/ 6 June 2021

SENATE President Pro Tempore Ralph Recto urged the Bureau of Internal Revenue to rescind its ‘erroneous order’ imposing a 25 percent corporate income tax on private schools, saying it is a flawed interpretation of the Corporate Recovery and Tax Incentives for Enterprises or CREATE Act.

“’Yung title pa lang ng batas, malinaw na kung ano ang intensiyon nito: corporate recovery and tax incentives,” Recto said.

“So how can the BIR invoke it to inflict a 150 percent increase on the income tax of private schools, which is directly opposite to what the law clearly intends?” he added.

Recto reminded CREATE is meant to bail out distressed private schools, but the BIR order further drowns them in a sea of red ink.

Prior to CREATE’s enactment, proprietary educational institutions have been paying a preferential tax rate of 10 percent since 1968, which the association of private schools also highlighted in an open letter.

Recto further said that senators, including him, have agreed unanimously to bring it down to one percent to help private schools evade bankruptcy during the pandemic.

The lawmaker stressed the BIR, in crafting the revenue regulation implementing the CREATE Act, should have consulted Senate records on the debate and correspondences to ascertain the legislative intent underlying that provision.

While he welcomed the amendatory bill filed by Sen. Juan Edgardo ‘Sonny’ Angara, Recto said nothing prevents the BIR from rectifying its oversight.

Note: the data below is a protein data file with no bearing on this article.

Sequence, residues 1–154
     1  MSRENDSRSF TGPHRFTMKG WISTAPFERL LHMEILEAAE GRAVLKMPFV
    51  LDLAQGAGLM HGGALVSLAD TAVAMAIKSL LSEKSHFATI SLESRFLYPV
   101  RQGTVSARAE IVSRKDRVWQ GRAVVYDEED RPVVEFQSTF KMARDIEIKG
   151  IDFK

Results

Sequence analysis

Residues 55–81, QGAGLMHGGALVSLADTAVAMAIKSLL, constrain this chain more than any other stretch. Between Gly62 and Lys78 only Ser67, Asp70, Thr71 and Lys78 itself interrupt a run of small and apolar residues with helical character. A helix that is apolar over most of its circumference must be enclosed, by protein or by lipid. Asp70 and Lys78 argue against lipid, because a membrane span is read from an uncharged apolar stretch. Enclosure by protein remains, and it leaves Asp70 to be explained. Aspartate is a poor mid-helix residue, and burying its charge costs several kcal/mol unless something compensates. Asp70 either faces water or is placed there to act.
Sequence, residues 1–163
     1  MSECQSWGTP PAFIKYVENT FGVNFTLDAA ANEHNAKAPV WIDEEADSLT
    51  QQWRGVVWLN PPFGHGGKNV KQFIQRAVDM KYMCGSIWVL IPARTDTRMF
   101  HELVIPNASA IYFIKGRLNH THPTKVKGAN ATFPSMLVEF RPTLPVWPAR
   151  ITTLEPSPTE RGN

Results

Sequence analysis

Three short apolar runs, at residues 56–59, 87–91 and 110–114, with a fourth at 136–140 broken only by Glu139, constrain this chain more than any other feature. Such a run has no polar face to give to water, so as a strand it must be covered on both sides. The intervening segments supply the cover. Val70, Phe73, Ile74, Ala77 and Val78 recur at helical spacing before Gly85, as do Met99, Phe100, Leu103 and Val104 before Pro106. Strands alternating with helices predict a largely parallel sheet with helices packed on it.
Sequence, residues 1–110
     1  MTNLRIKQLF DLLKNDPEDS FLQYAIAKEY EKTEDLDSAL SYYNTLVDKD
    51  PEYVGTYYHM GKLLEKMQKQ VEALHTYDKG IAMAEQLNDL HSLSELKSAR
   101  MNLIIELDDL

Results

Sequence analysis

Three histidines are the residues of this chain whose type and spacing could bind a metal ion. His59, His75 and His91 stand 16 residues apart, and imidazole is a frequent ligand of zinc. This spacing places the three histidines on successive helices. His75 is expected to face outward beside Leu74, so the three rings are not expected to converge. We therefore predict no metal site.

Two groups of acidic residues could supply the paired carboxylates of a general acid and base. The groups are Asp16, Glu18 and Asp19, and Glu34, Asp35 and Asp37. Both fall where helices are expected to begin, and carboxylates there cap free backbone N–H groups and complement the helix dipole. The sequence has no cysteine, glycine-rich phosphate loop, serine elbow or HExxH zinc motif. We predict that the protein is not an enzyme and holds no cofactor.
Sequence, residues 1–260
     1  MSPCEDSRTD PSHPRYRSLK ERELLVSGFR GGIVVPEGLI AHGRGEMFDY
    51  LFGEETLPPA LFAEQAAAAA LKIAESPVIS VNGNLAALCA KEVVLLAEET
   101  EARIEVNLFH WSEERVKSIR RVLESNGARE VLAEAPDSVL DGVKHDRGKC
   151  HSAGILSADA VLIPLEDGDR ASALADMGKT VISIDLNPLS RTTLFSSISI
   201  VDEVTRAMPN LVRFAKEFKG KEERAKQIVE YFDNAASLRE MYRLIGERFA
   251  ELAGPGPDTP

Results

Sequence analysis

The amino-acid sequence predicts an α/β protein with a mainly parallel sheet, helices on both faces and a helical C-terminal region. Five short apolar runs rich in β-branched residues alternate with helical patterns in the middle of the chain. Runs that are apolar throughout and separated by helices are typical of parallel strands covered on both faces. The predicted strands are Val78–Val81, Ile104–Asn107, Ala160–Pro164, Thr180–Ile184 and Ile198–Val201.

“The bill corrects the ambiguity caused by a missing comma. It is an editorial correction to probably satisfy some grammar police. But in applying taxes, let the intent be the primordial consideration. One missing comma should not cause misery to many,” he said.

The present language of Section 27 of the National Internal Revenue Code creates an ambiguity that leads to conflicting interpretation which the provision states that ‘proprietary educational institutions and hospitals which are non-profit shall pay a tax of ten percent on their taxable income except those covered by Subsection hereof: Provided, That beginning July 1, 2020 until June 30, 2023, the tax rate herein imposed shall be one percent.’

The BIR reads it to mean that proprietary educational institutions must be non-profit to qualify for the lower tax rates.

Recto said the BIR should unilaterally withdraw a regulation based on wrongful interpretation. “It is illogical, absurd and goes against the spirit of the law,” Recto stressed.